An important issue recently arose before Delhi High Court in the case of Upaid Systems Ltd v Satyam Computer Services and Anr. The court was approached by a foreign company requesting the enforcement of a letter of request sent by the Federal Court of Texas, seeking judicial assistance from the National Association of Software and Services Companies (NASSCOM), an industry body for India’s IT industry.
A letter of request, or letter rogatory, is a formal request from a court to a foreign court for judicial assistance.
Upaid, a privately held company registered in the British Virgin Islands, executed a project for developing software for mobile prepaid technology with Satyam Enterprise Solutions, a subsidiary of Satyam Computer Services (now Mahindra Satyam). Soon after, Upaid wished to patent the technology for which the software coding was done by Satyam. For this, they needed the signatures of the 20 Satyam employees who had worked on the project.
Satyam helped Upaid obtain these signatures, even though some of the employees had left the company. Armed with the patent, Upaid filed a suit against Qualcomm and Verizon Wireless in 2005, alleging that they were using the patented technology. However, one of the original Satyam employees who had worked on the Upaid project was by then working at Verizon; he pointed out that the signature designated as his on the patent application was in fact a forgery. As a result of this revelation Upaid was forced to retreat from the suit.
In 2007 Upaid filed a civil proceeding before the federal court of Texas alleging fraud, negligent misrepresentation, forgery and breach of contract by Satyam, and seeking more than US$1 billion in damages. Upaid submitted that NASSCOM’s testimony was important in the matter, as Mahindra Satyam was a member company and the firm’s founder, B Ramalinga Raju, was a former chairman of the industry body.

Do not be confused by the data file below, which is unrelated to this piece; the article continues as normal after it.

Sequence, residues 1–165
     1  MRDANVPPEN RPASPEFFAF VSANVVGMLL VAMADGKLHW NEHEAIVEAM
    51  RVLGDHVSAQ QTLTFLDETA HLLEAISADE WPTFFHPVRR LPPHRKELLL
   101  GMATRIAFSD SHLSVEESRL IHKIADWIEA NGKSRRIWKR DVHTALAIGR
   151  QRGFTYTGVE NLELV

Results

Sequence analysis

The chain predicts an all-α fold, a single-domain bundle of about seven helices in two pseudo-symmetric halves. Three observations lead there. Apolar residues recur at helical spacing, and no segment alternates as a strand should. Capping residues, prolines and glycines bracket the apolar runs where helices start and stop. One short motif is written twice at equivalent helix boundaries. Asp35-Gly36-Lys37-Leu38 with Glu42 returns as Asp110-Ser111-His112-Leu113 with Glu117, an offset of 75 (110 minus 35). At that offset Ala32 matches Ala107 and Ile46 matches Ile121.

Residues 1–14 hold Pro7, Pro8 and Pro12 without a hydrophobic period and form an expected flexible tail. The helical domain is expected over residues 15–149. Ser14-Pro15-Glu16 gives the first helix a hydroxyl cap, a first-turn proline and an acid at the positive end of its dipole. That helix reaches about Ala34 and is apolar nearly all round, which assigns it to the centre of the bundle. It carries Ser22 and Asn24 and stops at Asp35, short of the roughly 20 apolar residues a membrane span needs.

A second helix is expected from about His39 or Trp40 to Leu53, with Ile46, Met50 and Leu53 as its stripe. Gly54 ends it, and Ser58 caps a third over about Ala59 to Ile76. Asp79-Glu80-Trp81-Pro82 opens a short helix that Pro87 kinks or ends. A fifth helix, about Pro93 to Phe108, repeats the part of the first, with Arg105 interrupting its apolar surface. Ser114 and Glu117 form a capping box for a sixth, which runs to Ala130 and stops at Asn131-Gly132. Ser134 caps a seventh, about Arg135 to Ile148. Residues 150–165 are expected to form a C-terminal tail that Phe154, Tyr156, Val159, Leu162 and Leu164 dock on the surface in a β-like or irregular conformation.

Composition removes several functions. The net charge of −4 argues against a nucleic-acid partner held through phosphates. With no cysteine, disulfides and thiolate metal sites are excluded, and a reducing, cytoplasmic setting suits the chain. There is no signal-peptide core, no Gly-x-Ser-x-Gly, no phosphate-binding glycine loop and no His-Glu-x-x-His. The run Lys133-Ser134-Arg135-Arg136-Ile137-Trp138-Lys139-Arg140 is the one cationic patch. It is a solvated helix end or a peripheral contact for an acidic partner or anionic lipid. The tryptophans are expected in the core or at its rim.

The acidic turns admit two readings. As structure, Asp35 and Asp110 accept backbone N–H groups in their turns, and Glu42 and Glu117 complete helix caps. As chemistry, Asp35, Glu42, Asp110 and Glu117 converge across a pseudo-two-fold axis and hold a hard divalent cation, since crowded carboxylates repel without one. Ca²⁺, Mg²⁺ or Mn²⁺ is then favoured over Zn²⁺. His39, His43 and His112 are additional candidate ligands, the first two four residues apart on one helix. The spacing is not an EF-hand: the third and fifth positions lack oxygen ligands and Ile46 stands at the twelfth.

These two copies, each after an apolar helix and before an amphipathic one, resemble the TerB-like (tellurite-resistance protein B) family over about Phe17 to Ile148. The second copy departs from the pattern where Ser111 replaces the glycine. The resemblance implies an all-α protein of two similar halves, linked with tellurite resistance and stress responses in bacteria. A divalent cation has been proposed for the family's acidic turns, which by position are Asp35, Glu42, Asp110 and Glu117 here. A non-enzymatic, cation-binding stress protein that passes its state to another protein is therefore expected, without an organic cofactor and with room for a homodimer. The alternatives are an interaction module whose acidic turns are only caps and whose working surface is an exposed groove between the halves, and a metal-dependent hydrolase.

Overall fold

Upaid approached Delhi High Court with a formal letter of request from the federal court of Texas, seeking approval for the appointment of a local commissioner to record witness depositions in response to questions that were appended to the letter. The letter also contained a request for the production of certain documents by NASSCOM.
Upaid’s request met with stiff opposition from Satyam, which disputed the jurisdiction of Delhi High Court to entertain the petition. Satyam contended that although the letter of request was issued pursuant to the Hague Convention on Taking of Evidence Abroad in Civil or Commercial Matters, 1970, to which India was a signatory, no law had been enacted by parliament to give effect to this treaty. Satyam held that, as a result, the court may not execute the letter of request issued by the foreign court.
The questions before the court were (i) whether the court can give effect to the terms of the Hague Convention in absence of a law specially enacted to facilitate its obligations, and (ii) whether order XXVI, rule 19 of the Code of Civil Procedure bars the production of documents, as requested in the letter.
In its judgment, the court allowed the letter of request sent by the federal court of Texas, and further appointed an advocate as a local commissioner to examine the witnesses of NASSCOM and secure the documents being sought. In its finding the court relied on order XXVI, rule 19, and on section 78(c) of the Code of Civil Procedure, which concerns the deposition of witnesses.
It has recently been reported by Reuters that, following the conclusion of the court case, Mahindra Satyam has agreed to a US$70 million settlement with Upaid. The settlement requires Upaid to give Mahindra Satyam a worldwide, royalty-free licence on its patents, and provides for the dismissal of all pending actions.
The legislative and regulatory update is compiled by Nishith Desai Associates, a Mumbai-based law firm. The authors can be contacted at firstname.lastname@example.org. Readers should not act on the basis of this information without seeking professional legal advice.